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I am currently working for a small-medium sized company (~50 employees) as the sole IT staff.

Recently, we are on track to replace one expensive yet critical legacy system in favor of an application I am currently working on during my free time at work. However, its been very busy lately with issues spawning left and right so the development of the application has been lagging a lot.

How do I ask a very thrifty management to hire more programmers to help me build the new application without sounding incompetent.

FYI. I do support of all our applications, setup and administration of the network and servers and in-house application development.

EDIT 1: Nature of the Critical Legacy System for added information

The Legacy System is the center of our operations. Basically, all our reports, notifications and data are being handled or are passing through this system. We want to replace it for a few reasons:

  1. We are bleeding money paying for support that is rarely helpful (really terrible support) plus licensing cost.
  2. Ridiculous cost for adding new features (500$ to adjust the width of a column in a report)
  3. System Design/Architecture problems that cause the system to be slow and unscalable (Other branches find the system unusable because of how slow it is when used outside of the Office LAN)
  4. Its a program made with access '97. Need I say more? It still works but its like trying to cut something with a dull blade in terms of performance
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@gnat thanks for the comment, however the question you linked doesn't answer my question. –  Maru Oct 10 '13 at 7:44
    
how's that? per my reading, it does –  gnat Oct 10 '13 at 7:48
    
honestly it looks like this could be a better fit on workplace, you can take out the programmers part of it and it is just asking management to add to your team –  ratchet freak Oct 10 '13 at 7:59
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If you are the only one building the new app, what about assigning you full time for this dev-job, and have a new hire or temporary hire to do your current ops-job in the meantime? –  Marcel Oct 10 '13 at 7:59
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ok, fair enough. My apologies for not being able to infer that just by looking at the answers. Though I still wonder how to present this information to management without sounding incompetent. I fear that management might think that I'm unfit for the project that's why I'm seeking for additional programmers, which may later on cause me to get fired in favor of the new hire/s. Again, I'm a one man team and I'm still fresh from college that's why I have these insecurities. –  Maru Oct 10 '13 at 9:19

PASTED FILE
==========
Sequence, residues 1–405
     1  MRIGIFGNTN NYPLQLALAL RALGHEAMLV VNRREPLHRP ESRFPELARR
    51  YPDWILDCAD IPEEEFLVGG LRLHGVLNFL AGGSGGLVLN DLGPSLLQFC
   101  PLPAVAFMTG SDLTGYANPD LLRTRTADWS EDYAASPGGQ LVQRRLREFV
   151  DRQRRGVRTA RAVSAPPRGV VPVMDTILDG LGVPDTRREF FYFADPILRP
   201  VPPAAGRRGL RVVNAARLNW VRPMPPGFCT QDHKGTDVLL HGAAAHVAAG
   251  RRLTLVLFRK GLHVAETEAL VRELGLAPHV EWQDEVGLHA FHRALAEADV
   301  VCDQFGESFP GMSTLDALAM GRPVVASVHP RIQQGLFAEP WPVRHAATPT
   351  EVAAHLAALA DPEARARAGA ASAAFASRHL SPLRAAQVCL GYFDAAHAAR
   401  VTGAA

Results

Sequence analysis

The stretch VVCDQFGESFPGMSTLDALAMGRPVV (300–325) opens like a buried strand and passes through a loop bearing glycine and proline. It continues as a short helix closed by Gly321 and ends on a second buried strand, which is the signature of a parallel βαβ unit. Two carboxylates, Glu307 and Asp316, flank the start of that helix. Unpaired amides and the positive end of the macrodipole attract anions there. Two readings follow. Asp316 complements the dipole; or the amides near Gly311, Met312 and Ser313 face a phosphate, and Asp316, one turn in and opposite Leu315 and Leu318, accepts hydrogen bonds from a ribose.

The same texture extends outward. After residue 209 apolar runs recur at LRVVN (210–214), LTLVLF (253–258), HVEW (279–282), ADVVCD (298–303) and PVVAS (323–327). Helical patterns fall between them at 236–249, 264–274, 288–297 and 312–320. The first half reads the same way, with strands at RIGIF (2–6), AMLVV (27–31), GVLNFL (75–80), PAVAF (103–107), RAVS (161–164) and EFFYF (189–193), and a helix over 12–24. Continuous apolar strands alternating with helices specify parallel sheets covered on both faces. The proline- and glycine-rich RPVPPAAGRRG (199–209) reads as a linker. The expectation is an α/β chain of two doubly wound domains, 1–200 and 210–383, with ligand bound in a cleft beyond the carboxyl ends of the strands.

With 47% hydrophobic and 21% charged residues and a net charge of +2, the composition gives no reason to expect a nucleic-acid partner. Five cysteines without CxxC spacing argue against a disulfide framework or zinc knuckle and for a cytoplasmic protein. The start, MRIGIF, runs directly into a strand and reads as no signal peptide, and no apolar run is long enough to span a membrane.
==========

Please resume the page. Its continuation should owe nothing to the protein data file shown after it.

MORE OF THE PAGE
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marked as duplicate by gnat, Dan Pichelman, MichaelT, Kilian Foth, World Engineer Oct 17 '13 at 0:14

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2 Answers

up vote 11 down vote accepted

This is what we did in a similar situation. It's kinda scrum in a nutshell.

Gather the stakeholders (consumers of IT services, director level). Tell them, "I am spending X hours a week supporting the legacy system and doing my other tasks. At the rate of 40-X hours a week, I cannot deliver the replacement system before mm/dd/yy (you know, plus or minus). Beyond my salary, you will also spend $Y for maintenance of the legacy system during this time, and have to put up with its limitations. Is this what you want, or shall we re-prioritize or add staff?"

If they reprioritize, you win. If they add staff, you win. If they stay the course, they cannot blame you because they made the decision, and you at least don't lose. They have had to balance their thrift against the cost, instead of pretending they can have everything, and being angry that you didn't perform the miracle. They may choose thrift. You'll have to accept their decision, but you can feel better about making slow progress, because it's what the company has decided. Often there are stakeholders who are more excited about the new tool, who will do your arguing for you, especially if other stakeholders are arguing against.

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You have to make a value proposition. Explain in terms that management will understand how much money it's going to cost them by not adding additional software developer(s), and how that cost is going to exceed the cost of the new developers.

Of course, it might actually be less expensive for them to just let you do it in your free time. You haven't told us much about the nature of the legacy system, why it is critical, or why your company wants to replace it.

If they really can't afford to hire more staff and are willing to wait it out, ask them to carve out a specific amount of time each week (say, 8 hours) that is sacred time for you to work on the system, where nobody interrupts you while you are working on it.

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For the value proposition, any advise on how to verbalize non-tangible returns for ROI? i.e. less errors, increased productivity, less employee frustration... It's my first time working as a one man team, so I'm still green when talking to non IT management about the economics of software development. –  Maru Oct 10 '13 at 6:56
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Since they're already letting you work on the application, they probably already understand the intangibles. I would focus on the monetary gains; based on the additional detail you added to the question, it would seem there's plenty to discuss in that area. –  Robert Harvey Oct 10 '13 at 15:47
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